It is clear from what has been stated above that Buddhaghosa not only admits the higher role of the discipline brought about by the Ubhato Vibhaṅga, but also emphasises at the same time the important basic character, in his opinion, of the discipline brought about by the regulations of the Khandhakas. Thus we notice that both these items of Abhisamācārika and Ādibrahmacariyika are, according to Budhaghosa, products of the Vinaya Piṭaka. The Vinaya Piṭaka in its codified and legalised form, was designed to safeguard the monsastic discipline and contribute thereby to the furtherance of the spiritual development envisaged in the Suttas. With the decline of morality and the waning spiritual earnestness among the members of the monastic community such rigorous and binding discipline as is evident in the Vinaya Piṭaka would have become indispensable. The liberalism of the instructions of the Suttas had to become, ere long, a thing of the past. We come to a stage when not only the Pātimokkha but the entire discipline of the Vinaya Piṭaka is looked upon as the fundamental basis on which the Buddhist spiritual perfection of tisso sikkhā had to be founded.

According to this view Abhisamācārikā sikkhā which is perfected through the discipline of the Khandhakas had to be accomplished first before the perfection of sekha dhamma. On a comparison of commentarial notes we discover that this sekha dhamma is equated by Buddhaghosa to sekha paṇṇattisīla. (Sekha dhamman'ti sekkapaṇṇattiya - AA.III.228). In the Samantapāsādikā, Buddhaghosa defines Ādibrahmacariyikā sikkhā as sekhapaṇṇatti. (Ādibrahmacariyikāyā'ti sekhapaṇṇattiya. VinA.V.990). Thus the sekha dhamma which can be perfected only after the Abhsamācārikā sikkhā is none other than the Ādibrahmacariyikā sikkhā. According to a statement in the Aṅguttara Nikāya, it is only after these two stages of Abhisamācārikā and Ādibrahmacariyikā sikkhā that the successive development through sīla, samādhi and paññā are considered possible. (So vata bhikkhave bhikkhu ... abhisamācārika dhammam aparipūretvā sekha dhamma paripūressatī'ti... sekha dhammam aparipūretvā sīlakkhandha paripūresstī ti...... sīlakkhandham aparipūretvā samādhikkhandha paripūressati samādhikkahndham aparipūretvā paññākkhandha paripūressatī'ti n'eta hāna vijjati. A.III.15).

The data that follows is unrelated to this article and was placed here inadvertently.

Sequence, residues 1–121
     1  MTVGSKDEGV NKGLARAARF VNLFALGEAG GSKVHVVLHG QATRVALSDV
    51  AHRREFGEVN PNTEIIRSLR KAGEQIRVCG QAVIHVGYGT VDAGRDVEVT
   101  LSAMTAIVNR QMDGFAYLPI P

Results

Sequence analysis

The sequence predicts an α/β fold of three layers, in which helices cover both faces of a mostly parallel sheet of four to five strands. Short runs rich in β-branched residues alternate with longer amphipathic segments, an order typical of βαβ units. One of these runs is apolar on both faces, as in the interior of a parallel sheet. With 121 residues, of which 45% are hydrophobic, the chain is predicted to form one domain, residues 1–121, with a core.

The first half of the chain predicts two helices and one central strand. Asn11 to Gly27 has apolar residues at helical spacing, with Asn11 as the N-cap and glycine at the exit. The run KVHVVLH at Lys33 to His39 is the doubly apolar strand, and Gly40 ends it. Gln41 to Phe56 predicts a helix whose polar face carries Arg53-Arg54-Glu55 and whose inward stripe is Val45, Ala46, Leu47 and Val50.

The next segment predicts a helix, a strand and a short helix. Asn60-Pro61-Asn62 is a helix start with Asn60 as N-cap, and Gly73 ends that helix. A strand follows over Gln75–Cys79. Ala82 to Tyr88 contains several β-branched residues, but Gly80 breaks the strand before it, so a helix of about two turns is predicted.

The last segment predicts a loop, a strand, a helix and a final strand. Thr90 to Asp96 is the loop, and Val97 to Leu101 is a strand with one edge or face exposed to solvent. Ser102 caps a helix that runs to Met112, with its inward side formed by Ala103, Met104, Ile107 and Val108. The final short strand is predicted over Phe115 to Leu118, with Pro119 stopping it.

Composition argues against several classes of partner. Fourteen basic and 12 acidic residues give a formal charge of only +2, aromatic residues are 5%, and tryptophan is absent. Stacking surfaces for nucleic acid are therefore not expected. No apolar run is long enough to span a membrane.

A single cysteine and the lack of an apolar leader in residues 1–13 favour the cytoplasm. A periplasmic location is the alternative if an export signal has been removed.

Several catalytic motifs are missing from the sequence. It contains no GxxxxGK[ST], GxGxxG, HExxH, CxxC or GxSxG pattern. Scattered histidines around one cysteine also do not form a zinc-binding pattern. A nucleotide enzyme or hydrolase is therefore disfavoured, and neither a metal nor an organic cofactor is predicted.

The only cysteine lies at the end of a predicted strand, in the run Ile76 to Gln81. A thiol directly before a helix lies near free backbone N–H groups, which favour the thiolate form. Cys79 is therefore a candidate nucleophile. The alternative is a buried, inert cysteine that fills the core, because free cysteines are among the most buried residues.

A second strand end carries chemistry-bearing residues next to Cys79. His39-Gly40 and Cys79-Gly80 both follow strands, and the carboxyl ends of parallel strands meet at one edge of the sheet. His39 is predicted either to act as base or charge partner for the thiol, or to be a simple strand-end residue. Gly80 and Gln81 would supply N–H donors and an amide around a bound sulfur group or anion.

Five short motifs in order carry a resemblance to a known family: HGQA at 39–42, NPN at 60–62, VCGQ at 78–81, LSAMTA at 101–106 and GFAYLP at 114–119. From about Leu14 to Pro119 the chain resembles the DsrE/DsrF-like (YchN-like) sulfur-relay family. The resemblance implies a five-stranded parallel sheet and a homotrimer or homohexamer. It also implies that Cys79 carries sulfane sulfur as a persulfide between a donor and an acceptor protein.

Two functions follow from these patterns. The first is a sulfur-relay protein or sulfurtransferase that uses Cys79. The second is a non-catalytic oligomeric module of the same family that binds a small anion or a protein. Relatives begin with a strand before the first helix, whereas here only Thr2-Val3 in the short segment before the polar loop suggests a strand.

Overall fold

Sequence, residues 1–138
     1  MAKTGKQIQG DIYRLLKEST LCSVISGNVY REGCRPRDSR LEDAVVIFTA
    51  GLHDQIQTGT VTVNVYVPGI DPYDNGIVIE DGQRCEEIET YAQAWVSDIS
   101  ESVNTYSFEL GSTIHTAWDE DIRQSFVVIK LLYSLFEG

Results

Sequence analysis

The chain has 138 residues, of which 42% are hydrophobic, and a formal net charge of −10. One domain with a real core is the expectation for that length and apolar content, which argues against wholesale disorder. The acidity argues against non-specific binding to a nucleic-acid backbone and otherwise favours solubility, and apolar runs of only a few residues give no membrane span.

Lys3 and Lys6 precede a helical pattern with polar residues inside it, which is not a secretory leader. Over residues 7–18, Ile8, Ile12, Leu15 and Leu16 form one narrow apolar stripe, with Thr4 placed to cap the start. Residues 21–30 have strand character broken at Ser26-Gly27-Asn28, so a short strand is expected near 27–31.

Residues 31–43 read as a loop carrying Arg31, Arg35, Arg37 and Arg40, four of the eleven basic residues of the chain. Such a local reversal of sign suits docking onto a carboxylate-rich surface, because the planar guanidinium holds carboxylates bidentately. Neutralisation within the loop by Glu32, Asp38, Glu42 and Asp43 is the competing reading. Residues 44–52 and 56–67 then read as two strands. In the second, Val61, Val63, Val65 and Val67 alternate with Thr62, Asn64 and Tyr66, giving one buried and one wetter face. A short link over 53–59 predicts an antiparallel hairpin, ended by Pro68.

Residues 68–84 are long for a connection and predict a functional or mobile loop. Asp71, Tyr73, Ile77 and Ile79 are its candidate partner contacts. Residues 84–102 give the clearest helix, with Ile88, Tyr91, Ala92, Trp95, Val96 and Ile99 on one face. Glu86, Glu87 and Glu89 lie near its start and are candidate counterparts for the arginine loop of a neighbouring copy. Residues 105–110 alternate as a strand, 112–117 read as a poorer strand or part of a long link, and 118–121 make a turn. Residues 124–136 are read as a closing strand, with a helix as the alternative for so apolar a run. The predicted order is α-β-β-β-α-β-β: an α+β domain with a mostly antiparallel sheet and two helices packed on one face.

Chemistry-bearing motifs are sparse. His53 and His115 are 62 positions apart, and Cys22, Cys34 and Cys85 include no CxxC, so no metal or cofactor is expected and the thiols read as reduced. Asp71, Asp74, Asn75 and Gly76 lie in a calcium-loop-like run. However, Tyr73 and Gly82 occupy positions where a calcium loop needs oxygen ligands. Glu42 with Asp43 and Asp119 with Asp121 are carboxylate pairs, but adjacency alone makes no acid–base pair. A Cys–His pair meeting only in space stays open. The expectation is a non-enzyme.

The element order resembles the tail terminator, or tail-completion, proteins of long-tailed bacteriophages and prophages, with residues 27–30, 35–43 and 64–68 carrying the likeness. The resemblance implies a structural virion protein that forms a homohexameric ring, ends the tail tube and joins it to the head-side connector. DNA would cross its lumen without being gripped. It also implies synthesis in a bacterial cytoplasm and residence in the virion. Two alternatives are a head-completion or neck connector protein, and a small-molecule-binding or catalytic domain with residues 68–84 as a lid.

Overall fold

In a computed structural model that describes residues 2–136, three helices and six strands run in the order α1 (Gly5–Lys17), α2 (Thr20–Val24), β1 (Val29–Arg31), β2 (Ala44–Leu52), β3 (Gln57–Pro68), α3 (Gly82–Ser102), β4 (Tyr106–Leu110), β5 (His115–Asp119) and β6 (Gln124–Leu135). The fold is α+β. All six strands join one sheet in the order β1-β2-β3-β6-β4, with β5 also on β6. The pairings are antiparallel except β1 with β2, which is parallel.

Here we are led to take note of two different views with regard to the perfection of monastic life. On the one hand, the Abhisamācārikā and Ādibrahmacariyikā sikkhā are looked upon as exhausting between them the complete monastic discipline and culture leading up to the termination of dukkha. (Note: Puna ca para bhikkhave mayā sāvakāna ādibrahmacariyikā sikkhā paññattā sabbaso sammā dukkhkkhayāya. A.II.243). On the other hand, the Ādibrahmacariyikā sikkhā came to be narrowly defined, thus allowing for the integration of these two sikkhā, i.e. Abhisamācārika and Ādibrahmacariyika to provide a basis for the perfection of sīla, samādhi and paññā which once existed independently as a system of monastic culture under the name of tisso sikkhā. (Note: Sakkhasi pana tva bhikkhu tīsu sikkhāsu sikkhitu ... tasmā tuyha bhikkhu adhisīlam'pi sikkhato adhicittam'pi sikkhato adhipaññam'pi sikkhato rāgo pahīyissati doso pahīyissati moho pahīyissati. A.I.230.).

We have thus witnessed in the above discussion the origin and development of Buddhist monastic discipline in terms of sīla, sikkhā and sikkhāpada and the relation in which they stand to the threefold sikkhā and to the more codified texts of the Vinaya Piṭaka. They all contribute their share to the perfection of the spiritual development of the disciple and to the attainment of the goal of Arahantship which Buddhism, as a way of life, offers its followers.